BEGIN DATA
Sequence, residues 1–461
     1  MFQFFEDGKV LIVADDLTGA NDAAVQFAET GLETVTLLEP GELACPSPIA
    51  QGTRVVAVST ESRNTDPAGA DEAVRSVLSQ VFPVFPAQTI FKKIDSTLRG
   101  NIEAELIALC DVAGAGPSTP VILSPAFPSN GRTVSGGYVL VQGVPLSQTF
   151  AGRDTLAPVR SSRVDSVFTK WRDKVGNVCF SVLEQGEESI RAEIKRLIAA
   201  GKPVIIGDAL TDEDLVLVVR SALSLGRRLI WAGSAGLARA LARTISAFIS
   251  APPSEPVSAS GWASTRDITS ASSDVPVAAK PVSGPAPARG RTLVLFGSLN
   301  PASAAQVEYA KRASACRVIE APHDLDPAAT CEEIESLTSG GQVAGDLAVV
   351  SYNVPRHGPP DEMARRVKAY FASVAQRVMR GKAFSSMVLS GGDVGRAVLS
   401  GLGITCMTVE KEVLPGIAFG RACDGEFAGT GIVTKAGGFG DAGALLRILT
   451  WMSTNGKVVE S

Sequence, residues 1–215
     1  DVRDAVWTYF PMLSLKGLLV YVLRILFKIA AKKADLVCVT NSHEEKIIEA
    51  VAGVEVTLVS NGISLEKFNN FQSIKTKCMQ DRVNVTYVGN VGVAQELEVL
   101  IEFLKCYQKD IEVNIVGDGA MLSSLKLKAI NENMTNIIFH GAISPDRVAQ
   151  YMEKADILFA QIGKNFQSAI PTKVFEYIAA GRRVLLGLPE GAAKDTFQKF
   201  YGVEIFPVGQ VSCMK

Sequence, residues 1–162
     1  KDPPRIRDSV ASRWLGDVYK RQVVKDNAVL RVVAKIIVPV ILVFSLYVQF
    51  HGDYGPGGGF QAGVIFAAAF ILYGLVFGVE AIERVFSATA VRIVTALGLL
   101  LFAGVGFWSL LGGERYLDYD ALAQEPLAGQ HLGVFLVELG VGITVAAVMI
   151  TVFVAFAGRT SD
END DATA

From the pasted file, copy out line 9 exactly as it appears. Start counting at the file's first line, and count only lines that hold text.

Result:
   351  SYNVPRHGPP DEMARRVKAY FASVAQRVMR GKAFSSMVLS GGDVGRAVLS